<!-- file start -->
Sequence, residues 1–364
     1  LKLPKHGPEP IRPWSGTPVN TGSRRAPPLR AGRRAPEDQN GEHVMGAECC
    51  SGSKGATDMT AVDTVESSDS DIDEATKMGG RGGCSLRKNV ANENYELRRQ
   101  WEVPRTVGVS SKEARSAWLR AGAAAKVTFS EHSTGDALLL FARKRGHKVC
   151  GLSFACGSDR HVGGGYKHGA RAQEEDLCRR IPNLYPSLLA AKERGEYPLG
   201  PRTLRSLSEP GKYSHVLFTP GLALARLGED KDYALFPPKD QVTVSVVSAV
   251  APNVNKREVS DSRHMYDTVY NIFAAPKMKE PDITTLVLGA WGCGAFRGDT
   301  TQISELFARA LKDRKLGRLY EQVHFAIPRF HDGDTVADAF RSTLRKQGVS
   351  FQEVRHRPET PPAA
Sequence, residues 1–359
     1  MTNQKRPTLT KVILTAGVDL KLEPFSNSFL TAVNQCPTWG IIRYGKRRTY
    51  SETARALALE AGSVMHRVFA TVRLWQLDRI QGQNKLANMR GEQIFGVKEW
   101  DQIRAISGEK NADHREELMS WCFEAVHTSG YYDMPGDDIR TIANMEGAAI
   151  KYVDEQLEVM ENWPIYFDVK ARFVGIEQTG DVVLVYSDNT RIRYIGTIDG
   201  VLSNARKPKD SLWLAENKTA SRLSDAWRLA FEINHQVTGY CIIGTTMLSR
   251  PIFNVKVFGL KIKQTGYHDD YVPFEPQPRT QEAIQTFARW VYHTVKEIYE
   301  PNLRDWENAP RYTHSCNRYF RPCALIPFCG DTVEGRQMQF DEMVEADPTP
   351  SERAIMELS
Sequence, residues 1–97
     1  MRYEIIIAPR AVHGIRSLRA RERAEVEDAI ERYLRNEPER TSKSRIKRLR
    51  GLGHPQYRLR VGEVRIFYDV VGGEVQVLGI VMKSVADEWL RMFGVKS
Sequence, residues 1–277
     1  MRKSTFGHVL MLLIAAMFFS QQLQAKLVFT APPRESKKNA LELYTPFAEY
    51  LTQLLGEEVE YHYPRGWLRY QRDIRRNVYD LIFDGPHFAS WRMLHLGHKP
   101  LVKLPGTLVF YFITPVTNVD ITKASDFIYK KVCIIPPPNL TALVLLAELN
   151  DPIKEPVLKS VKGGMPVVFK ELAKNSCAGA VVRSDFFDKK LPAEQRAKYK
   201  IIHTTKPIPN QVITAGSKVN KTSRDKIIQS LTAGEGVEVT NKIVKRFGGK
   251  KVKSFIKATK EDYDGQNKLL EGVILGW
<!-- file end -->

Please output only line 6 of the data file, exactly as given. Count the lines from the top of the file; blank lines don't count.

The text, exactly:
   201  PRTLRSLSEP GKYSHVLFTP GLALARLGED KDYALFPPKD QVTVSVVSAV